This is the overarching vision of the book: the possibility of freedom. Could these women, despite the horrors of indenture, have found in Guyana a greater power to control their lives and direct their destinies than they had at home?

It is of course impossible to answer such a question definitively. However, the lasting strength of Coolie Woman lies in the ingenious and far-reaching combination of resources Bahadur musters as she makes the attempt. She contextualizes Sujaria’s experience by interweaving stories both personal and communal—family sagas, histories of the Indian indenture diaspora, recovered women’s history, narratives of return. Thus, she draws upon Hugh Tinker’s magisterial A New System of Slavery: The Export of Indian Labour Overseas, 1830-1920 (1974), as well as upon the Mauritian poet Khal Torabully’s concept of “coolitude,” his attempt to theorize and reclaim the despised identity created by indenture—and upon extensive archival work in colonial-office documents, the India Office Records of the British Library, parliamentary papers, various national archives, newspaper and periodical articles, literature, and oral histories conducted by her and others. Hers is a daunting and impressive labor of love that creates a solid ground of fact underlying the elusiveness of the personal narrative.

Her research tells a harsh and dispiriting story. Women entered indenture for many reasons, of course. But a large number of them seem to have sailed alone, many fleeing untenable conditions. The town of Muzzafarpur, for instance, had a notorious red-light district that sent many tawaifs, or courtesans, to the sugar plantations. The British officials appointed to protect the indentured carefully monitored the women who signed up and set quotas that would supposedly ensure that there were enough women to cook, clean, and launder for the men. The numbers were hugely disproportionate: between fourteen and fifty women to every 100 men.

On board, the women often coupled with men for safety and for protection—but they remained prey for passengers and crew alike. Searching the records of the ships’ doctors, Bahadur discovers rapes, even of the very young. Once on the plantations, women labored in the fields, but were also vulnerable to abuse and overwork off the field. Indian men competed for scarce Indian women not only with other Indian men but also with white and black men. The jealousy and competition often resulted in physical abuse of women. In a chapter titled “Beautiful Woman Without a Nose,” Bahadur reports killings and mutilations of women suspected of infidelity or other trespasses. The violence against women in Indo-Guyanese communities continues today, she shows: a combination of honor-killings, the Indian ideal of the self-sacrificing goddess Sita, and the emasculation of men through unemployment and racial/ethnic disrespect.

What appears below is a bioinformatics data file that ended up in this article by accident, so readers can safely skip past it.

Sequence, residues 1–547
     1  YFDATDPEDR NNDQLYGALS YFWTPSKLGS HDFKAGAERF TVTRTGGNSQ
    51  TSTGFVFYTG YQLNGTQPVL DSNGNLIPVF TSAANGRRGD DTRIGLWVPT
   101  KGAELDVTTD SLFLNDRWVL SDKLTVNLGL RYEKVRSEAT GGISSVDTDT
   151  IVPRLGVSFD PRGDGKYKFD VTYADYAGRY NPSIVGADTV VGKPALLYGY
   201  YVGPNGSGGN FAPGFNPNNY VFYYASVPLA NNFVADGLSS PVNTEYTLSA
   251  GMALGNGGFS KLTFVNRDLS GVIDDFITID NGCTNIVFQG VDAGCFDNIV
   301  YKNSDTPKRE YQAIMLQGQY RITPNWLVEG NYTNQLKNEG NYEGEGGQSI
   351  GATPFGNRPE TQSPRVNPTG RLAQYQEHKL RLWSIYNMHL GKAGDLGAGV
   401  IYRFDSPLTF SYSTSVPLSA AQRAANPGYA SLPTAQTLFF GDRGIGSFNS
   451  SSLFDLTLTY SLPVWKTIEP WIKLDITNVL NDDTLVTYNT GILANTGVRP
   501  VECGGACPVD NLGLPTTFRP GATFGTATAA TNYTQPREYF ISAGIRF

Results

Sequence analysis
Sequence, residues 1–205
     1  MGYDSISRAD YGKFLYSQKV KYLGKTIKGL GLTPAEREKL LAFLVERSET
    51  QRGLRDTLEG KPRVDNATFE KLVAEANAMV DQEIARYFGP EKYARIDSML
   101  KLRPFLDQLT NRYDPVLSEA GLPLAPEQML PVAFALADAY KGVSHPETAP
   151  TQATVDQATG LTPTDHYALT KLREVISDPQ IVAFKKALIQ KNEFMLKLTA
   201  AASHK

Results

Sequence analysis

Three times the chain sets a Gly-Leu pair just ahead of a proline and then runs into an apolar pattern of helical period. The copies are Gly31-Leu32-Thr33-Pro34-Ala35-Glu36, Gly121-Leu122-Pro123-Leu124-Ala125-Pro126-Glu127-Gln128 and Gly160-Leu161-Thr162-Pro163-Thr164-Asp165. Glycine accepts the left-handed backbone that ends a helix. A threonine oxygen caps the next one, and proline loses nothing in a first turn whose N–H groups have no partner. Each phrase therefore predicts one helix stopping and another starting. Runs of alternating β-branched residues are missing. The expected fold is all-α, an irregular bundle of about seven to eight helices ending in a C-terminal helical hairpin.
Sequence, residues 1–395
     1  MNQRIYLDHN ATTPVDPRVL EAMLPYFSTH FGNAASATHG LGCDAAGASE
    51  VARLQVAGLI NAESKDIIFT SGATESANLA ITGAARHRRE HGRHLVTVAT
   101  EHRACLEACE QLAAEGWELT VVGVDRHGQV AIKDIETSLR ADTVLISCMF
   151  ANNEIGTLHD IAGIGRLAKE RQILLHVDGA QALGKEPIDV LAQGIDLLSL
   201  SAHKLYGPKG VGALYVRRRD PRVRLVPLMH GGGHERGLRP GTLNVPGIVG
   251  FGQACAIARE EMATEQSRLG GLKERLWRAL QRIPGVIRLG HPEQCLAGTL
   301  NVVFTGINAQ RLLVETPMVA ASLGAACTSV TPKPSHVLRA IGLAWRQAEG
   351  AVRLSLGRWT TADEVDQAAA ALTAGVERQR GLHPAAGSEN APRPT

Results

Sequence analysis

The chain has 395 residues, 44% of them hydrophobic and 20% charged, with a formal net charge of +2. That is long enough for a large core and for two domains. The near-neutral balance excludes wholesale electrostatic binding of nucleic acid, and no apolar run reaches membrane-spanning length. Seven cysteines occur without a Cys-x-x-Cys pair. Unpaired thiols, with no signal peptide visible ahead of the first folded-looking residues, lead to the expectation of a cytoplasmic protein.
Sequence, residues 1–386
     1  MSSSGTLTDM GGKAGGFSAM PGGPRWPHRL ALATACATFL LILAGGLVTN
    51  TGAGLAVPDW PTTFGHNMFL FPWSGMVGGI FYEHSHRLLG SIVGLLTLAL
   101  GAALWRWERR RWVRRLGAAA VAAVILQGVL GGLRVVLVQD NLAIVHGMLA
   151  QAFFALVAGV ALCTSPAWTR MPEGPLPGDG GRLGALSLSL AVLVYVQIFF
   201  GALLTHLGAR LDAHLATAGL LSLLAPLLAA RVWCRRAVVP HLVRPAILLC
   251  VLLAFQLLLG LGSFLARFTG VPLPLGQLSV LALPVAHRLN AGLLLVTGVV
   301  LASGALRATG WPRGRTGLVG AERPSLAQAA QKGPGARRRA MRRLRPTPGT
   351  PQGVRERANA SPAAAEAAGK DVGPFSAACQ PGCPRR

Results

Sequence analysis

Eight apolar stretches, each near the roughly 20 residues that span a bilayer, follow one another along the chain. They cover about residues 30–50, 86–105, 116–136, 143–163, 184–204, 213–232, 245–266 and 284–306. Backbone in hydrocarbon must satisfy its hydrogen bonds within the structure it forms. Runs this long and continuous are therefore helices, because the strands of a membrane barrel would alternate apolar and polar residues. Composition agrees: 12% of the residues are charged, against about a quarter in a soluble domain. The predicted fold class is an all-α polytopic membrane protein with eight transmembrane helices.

The end of indenture did not necessarily mean greater freedom and better lives for women. Sujaria worked on the plantation as a paid khelauni, or child minder. When she married a milk seller in 1906, she was no longer paid, and she found herself at the mercy of a husband who regularly beat her with a danda, a walking stick. Bahadur tells story after story of women “chopped” by their husbands, including that of Latchmin Mohabir, whose husband slashed her eight times with his cutlass when she raised her arm to protect herself, severing the fingers of her left hand. Yet, Latchmin and other women felt a responsibility to support their men, a responsibility that not only curtailed their own freedom but placed their lives actively in danger. Bahadur writes,

Did she ever doubt whether it was worth it to suffer dutifully like that remote goddess [Sita], to preserve family in a form of self-sacrifice? . . . [T]he public sphere of the plantation [and] the more private sphere of the home and the village . . . [each] delivered its own set of licks. . . . As much as religion or culture, imperial policy had nudged her. ... For this, too, had been a disfigurement of indenture: the complicity of women in their own fates, the tortured attachment—the tenderness—they felt and continue to feel in the cave of their hearts for their own men, who had also been disfigured by planters and the colonial state.

The record indicates only pain, vulnerability, and helplessness. Despite this, however, Bahadur insists upon her central question: was indenture actually an opportunity for increased power, freedom, and agency for women? She manages to build a persuasive case. These women, including Sujaria, seem determined to twist the shifting, unknown conditions of indenture, narrow as they might seem, to their own purposes. Sujaria was pregnant and alone, indentured and laboring for herself and her son—but she ended her life with a home, a husband, another child, a family—that is, a life of her own that she built. There is a kind of grandeur about these women, a nobility and courage that shows them not as victims but as Odysseus in female form, wending their way home after battle, wily and cunning, using their wits to triumph over Cyclops and Circes.

Bahadur convinces the reader that although the story of indentured women is a story of suffering, it can also be understood as a journey of triumph, of individuals’ use of terrible circumstances to create themselves. The indentured woman is neither the patient Penelope at her loom, nor Sita on the funeral pyre, nor even the widowed Ruth, devotedly and meekly following her destiny into strange lands. Rather, she is Sujaria, taking her fate ruthlessly into her own hands, harvesting “alien corn,” and becoming the matriarch of her clan. The name she gives her son, Lalbahadur, seems to presage this ultimate victory over history: “Lal” means “beloved little one,” and “Bahadur” means courageous. It is after all her loving courage that creates the family of the Bahadurs, who continue the journey, bearing the name she chose.

Indira Karamcheti is associate professor of American Studies at Wesleyan University in Connecticut. She teaches courses on New England and its imperial/colonial past, postcolonial literature and theory, and the literatures of the South Asian diaspora. Her most recent publication, “Names and Global Habitations,” concerns the peculiar life of the word and identity “Indian.” It appears in Diasporas, Cultures of Mobilities, ‘Race’: 1. Diasporas and Cultures of Migrations, 2014.